Chikungunya Vaccine Candidate Reports Favorable Phase 2 Results

Themis chikungunya vaccine candidate MV-CHIK met all clinical trial endpoints
(Precision Vaccinations News)

The chikungunya fever vaccine candidate (MV-CHIK) reported very positive results for a Phase 2 clinical trial. 

This study met all endpoints across the treatment groups. 

In this double-blind study, MV-CHIK induced neutralizing antibodies against Chikungunya in all treatment groups after 2 injections, with seroconversion rates ranging from 86.4 percent to 100.0 percent. 

The trial also assessed the impact of pre-vaccination against the vector in 2 groups that received Priorix ®, the live attenuated measles, mumps and rubella (MMR) vaccine, prior to MV-CHIK administration. 

The data showed that pre-existing antibodies against the measles vaccine virus did not affect immunogenicity against Chikungunya. 

This clinical trial included 263 healthy participants and was conducted at 4 study sites in Austria and Germany. 

“The recent addition of Chikungunya fever to the Tropical Disease Priority Review Voucher Program of the US Food and Drug Administration (FDA) is a clear indication that the development of a chikungunya vaccine is urgently needed,” commented Dr. Erich Tauber, CEO, and founder of Themis, in a press release.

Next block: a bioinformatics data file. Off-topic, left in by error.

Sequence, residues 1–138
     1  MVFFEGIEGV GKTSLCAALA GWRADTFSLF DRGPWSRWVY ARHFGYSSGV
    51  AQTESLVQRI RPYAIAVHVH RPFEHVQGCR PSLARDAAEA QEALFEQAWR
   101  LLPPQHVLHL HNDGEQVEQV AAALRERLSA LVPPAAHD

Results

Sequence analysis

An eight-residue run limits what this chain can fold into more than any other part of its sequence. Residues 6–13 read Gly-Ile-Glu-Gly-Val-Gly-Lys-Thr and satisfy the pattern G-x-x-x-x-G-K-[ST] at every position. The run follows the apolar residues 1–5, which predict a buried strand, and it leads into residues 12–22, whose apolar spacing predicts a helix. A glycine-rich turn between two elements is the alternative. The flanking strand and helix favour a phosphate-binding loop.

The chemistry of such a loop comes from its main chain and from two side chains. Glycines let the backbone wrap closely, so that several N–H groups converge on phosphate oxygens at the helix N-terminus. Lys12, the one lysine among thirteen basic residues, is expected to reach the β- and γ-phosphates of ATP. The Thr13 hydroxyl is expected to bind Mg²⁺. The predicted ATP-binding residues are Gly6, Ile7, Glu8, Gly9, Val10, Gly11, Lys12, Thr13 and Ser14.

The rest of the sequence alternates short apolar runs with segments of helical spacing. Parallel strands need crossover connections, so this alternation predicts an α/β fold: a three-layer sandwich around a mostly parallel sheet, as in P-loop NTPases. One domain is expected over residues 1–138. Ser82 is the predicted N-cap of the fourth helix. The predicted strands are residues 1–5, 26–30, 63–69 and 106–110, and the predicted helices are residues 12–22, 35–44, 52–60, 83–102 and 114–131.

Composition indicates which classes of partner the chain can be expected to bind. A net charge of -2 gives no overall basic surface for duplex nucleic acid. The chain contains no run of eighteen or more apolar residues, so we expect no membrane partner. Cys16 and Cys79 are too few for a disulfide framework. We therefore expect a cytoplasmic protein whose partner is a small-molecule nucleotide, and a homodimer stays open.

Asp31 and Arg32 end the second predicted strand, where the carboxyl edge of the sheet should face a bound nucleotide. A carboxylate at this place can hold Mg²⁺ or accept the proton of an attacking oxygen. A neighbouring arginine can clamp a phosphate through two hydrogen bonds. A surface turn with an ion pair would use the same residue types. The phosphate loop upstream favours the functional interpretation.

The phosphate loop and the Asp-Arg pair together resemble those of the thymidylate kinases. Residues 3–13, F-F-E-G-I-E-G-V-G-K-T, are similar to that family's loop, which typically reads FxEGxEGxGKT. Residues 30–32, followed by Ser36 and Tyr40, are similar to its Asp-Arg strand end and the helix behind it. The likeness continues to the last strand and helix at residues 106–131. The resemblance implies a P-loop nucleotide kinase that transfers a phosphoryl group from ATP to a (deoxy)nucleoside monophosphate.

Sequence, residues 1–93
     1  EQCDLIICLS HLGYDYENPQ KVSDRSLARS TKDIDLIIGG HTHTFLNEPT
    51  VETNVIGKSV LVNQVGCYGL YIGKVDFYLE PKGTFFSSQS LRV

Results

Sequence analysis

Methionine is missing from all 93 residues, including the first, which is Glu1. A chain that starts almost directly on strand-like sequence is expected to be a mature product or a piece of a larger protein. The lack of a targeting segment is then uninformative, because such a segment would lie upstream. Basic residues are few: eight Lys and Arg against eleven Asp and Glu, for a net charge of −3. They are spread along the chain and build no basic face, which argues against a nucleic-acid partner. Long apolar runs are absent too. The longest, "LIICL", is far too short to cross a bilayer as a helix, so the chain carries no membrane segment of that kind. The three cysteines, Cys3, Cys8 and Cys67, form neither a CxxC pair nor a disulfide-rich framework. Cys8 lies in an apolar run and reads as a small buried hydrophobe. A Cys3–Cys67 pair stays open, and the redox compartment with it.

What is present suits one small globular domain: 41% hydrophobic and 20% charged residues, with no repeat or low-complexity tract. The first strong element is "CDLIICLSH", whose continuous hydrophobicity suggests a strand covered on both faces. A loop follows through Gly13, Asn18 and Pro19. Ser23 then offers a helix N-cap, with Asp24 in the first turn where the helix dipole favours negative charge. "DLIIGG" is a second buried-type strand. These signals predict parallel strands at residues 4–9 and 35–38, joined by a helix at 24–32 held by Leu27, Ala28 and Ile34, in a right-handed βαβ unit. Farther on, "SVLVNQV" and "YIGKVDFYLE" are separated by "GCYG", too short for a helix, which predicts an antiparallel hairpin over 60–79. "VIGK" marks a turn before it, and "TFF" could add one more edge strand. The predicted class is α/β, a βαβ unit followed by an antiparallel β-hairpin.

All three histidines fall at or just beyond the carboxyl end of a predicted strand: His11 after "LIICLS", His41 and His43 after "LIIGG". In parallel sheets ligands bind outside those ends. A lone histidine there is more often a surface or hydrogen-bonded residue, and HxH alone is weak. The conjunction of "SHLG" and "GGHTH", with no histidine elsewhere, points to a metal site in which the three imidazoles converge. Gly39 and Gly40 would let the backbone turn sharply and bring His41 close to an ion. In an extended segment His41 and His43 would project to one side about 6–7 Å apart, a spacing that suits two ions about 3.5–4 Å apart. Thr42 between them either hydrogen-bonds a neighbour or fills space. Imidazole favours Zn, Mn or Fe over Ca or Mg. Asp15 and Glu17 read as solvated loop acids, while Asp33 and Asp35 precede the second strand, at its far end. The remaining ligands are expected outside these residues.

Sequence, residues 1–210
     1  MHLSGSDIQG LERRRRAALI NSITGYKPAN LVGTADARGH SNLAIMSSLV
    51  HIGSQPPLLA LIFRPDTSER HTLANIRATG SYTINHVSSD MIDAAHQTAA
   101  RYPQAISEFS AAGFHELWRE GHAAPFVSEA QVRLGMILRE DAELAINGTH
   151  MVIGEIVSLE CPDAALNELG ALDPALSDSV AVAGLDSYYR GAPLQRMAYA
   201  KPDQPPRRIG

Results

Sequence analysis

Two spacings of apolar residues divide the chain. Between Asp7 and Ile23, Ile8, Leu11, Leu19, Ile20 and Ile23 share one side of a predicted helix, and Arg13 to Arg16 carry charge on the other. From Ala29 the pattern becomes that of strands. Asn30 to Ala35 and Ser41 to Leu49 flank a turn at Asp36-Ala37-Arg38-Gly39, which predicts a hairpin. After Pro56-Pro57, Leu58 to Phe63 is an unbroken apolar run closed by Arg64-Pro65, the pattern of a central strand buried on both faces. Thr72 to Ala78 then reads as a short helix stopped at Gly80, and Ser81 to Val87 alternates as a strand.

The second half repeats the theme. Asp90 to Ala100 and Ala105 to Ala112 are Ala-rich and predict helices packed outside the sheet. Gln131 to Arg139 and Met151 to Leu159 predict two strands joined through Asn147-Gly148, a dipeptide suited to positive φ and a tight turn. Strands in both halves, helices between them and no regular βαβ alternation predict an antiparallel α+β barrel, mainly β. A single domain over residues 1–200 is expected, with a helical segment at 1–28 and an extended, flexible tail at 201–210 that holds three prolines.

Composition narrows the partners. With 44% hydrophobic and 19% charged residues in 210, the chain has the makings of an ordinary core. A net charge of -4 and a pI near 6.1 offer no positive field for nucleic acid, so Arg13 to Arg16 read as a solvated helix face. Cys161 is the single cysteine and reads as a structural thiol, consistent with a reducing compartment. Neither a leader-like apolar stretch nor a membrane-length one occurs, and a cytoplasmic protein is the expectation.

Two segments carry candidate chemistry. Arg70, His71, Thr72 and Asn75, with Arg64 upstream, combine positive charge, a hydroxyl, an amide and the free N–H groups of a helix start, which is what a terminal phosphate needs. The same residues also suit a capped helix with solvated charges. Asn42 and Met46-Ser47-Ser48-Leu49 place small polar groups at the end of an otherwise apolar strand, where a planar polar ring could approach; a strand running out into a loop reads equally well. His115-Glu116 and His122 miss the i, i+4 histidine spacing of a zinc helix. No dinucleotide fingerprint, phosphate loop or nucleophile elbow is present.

MV-CHIK is the first candidate from Themis’ innovative immunomodulation platform based on the measles vector, one of the safest and most efficacious vaccines available. 

MV-CHIK has already been tested in over 600 study volunteers in the US, EU, and Central America and was recently awarded PRIME designation status from the European Medicines Agency.   

Emil Reisinger from Rostock University Medical Center and a co-principal investigator of the study said, “The outbreak prevalence has increased due to a higher frequency of travel and the lack of treatment options and thus remains a major public health concern.” 

The chikungunya fever virus belonging to the Togaviridae family is transmitted to people through mosquito bites from Aedes aegypti and Aedes albopictus mosquitoes. 

These mosquitoes bite people during the day and at night, says the FDA. 

“We are highly committed to seeking approval to commence a pivotal Phase 3 trial in the near term,” said Dr. Tauber. For more information, visit Themis. 

In late 2013, the first ‘local’ transmission of chikungunya virus in the Americas was identified in the Caribbean. Local transmission means that mosquitoes in the area have been infected with the virus and are spreading it to people. 

Beginning in 2014, a chikungunya virus local transmission was identified in Florida, Texas, Puerto Rico, and the U.S. Virgin Islands. 

Chikungunya has been identified by the World Health Organization (WHO) in over 60 countries in Asia, Africa, Europe, and the Americas. 

As of October 2018, the US Centers for Disease Control and Prevention has not issued a chikungunya related Travel Alert.  


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